The Tennessee Woman Suffrage Monument is a statue of five women marching together and holding signs that demand the right to vote for women. The monument celebrates the fact that in 1920 Tennessee became the 36th — and last state needed — to ratify the 19th Amendment to the Constitution, by which women gained the right to vote.
The monument depicts five women who were instrumental in the successful drive in Nashville. The five are: Anne Dallas Dudley of Nashville; Frankie Pierce of Nashville; Carrie Chapman Catt, a national suffrage leader who was in Tennessee for the climax of her struggle; Sue Shelton White of Jackson; and Abby Crawford Milton of Chattanooga. The monument was dedicated Aug. 26.
On Saturday, Holder, pastor of St. Thomas Episcopal Church in Elizabethton, reflected on his first visit to the monument on Dec. 28.
“As I looked at these great Tennessee women carrying the movement to passage for all women, I thought that beautiful morning at Centennial Park about how proud I was to be the grandson of a granddaughter of a grandmother and great aunts who kept their homes and children safe from Rebel invasions into Turkeytown … these same women losing husbands — my ancestors — who died in Rebel prisons never to return home,” he said. “These courageous women went on bravely with great faith and perseverance. Just as today as brave women march nationwide. As we sing in Christian tradition, ‘There's power in the blood!’ "
Holder also had a more personal reason for visiting the new monument.
At its base are the images of three other Tennessee women who were able to achieve major political accomplishments because of the struggle of the five marching women. The three are Lois DeBerry, Jane Eskind and Beth Harwell.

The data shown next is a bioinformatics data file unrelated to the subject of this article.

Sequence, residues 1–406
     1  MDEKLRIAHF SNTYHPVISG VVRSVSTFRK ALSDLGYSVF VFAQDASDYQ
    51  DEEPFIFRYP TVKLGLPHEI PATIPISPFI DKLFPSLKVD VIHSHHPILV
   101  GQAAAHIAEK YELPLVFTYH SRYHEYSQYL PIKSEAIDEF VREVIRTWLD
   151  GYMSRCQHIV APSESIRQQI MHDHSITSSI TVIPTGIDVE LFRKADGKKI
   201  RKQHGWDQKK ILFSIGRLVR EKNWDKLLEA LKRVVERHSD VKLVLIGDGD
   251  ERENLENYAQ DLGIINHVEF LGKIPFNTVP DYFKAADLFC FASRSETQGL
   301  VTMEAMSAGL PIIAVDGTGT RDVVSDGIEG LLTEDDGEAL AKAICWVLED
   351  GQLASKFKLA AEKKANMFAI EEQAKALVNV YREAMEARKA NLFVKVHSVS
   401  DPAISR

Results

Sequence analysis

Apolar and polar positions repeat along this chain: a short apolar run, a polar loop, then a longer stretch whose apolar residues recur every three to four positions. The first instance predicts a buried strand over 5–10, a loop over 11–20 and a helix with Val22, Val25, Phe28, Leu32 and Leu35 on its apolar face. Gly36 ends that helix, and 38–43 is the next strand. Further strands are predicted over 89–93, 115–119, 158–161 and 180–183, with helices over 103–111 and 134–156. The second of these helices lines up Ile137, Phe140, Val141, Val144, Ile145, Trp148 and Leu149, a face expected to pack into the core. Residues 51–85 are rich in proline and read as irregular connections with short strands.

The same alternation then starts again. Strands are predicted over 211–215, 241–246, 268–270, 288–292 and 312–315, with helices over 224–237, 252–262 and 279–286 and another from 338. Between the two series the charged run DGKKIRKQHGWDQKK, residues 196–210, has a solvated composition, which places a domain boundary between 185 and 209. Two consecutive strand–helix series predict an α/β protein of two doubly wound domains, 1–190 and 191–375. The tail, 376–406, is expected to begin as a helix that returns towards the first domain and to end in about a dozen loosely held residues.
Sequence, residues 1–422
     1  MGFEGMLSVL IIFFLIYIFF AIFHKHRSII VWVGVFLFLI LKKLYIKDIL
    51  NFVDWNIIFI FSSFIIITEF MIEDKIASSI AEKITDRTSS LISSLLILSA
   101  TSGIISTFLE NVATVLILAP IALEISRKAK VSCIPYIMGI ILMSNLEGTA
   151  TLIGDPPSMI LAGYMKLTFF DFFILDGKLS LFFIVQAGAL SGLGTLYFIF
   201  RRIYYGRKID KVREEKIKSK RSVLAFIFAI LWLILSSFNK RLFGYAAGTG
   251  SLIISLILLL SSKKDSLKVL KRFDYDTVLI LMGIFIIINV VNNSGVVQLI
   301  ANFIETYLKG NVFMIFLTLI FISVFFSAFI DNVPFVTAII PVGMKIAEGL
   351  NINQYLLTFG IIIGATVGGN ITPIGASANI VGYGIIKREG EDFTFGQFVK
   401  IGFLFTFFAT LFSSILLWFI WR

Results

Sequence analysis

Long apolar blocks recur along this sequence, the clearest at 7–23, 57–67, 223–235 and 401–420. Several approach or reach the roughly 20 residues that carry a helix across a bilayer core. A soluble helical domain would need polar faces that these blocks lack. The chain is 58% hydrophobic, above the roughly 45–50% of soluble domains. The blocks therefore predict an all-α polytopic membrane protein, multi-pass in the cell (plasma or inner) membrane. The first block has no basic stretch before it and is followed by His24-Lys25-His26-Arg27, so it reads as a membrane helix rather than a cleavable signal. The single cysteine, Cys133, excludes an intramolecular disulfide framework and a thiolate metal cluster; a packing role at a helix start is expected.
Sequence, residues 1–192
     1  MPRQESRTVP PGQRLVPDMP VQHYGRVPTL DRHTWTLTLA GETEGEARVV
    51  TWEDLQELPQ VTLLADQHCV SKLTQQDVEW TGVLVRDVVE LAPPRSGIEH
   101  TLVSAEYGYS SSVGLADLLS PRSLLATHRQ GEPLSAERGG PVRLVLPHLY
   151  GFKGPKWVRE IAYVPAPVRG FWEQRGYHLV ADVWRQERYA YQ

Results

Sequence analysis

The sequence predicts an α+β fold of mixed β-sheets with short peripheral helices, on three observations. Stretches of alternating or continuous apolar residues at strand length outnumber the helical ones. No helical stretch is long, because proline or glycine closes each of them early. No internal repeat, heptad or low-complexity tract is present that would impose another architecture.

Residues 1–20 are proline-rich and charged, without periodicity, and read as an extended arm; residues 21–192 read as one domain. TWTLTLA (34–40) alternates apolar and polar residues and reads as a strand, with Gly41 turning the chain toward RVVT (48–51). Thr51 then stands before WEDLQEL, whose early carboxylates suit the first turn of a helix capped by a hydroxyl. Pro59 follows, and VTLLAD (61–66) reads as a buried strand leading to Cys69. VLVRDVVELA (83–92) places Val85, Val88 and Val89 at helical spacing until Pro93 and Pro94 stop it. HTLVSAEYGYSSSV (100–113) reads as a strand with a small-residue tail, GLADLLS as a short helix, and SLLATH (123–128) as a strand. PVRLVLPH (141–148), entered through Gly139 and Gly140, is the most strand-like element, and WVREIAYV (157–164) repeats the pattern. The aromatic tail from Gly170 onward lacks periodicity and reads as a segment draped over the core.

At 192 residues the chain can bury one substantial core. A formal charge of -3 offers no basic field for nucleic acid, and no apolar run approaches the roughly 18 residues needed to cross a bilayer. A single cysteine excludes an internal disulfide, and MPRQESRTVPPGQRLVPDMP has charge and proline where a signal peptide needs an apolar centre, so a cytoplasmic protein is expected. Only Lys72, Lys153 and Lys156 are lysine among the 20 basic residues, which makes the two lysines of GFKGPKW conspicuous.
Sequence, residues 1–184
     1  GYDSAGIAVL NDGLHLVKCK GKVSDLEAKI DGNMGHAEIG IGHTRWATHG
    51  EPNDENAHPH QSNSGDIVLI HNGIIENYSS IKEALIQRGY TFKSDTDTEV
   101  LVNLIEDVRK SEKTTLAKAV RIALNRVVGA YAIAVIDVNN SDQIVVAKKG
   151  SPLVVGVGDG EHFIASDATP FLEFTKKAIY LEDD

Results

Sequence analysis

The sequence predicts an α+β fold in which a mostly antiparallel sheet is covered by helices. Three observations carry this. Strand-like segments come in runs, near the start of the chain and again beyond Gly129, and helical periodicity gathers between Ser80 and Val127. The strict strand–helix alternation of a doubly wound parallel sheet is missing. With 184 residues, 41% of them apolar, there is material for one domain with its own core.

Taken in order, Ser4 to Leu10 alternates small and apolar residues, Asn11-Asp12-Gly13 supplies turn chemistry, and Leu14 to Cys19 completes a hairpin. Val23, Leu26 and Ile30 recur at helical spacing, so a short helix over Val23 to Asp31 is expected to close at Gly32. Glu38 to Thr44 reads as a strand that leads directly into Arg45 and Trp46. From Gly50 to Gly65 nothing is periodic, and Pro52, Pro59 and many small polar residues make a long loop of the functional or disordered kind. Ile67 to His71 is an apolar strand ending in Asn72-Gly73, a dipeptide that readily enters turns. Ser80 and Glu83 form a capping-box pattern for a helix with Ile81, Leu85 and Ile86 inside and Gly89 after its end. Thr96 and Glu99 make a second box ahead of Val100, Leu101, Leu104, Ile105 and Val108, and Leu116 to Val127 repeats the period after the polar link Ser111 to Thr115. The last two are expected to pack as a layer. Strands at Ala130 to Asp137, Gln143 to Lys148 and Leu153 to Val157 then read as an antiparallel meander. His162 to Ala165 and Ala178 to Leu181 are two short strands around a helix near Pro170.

Eskind is a heroine for Holder. She was the first woman in Tennessee history to win a statewide election when she won a seat on the Tennessee Public Service Commission in 1980. As a young man, Holden worked on her staff. She did not live to see the Aug. 26 unveiling of the monument. She died Aug. 4.
On his December visit, he was accompanied by Richard Eskind, Jane’s husband for 62 years.
Holder’s thoughts on Saturday also broadened to think of many of the struggling women he has encountered in his work at St. Thomas, which has services in both English and Spanish.
He spoke of his admiration “for the many women from Mexico and Guatemala working and raising families here in Elizabethton and Carter County and Northeast Tennessee. Facing so many obstacles day-to-day, more frequently degraded and not welcomed as human beings, working for maybe $600 or $700 a month and then sending half back home to care for mothers and children left behind. My heart praises God when I meet a woman making it all work, raising children, working hard, building a new country and hope for America, marching forward for the love of freedom, justice, and opportunity in America. This is America!”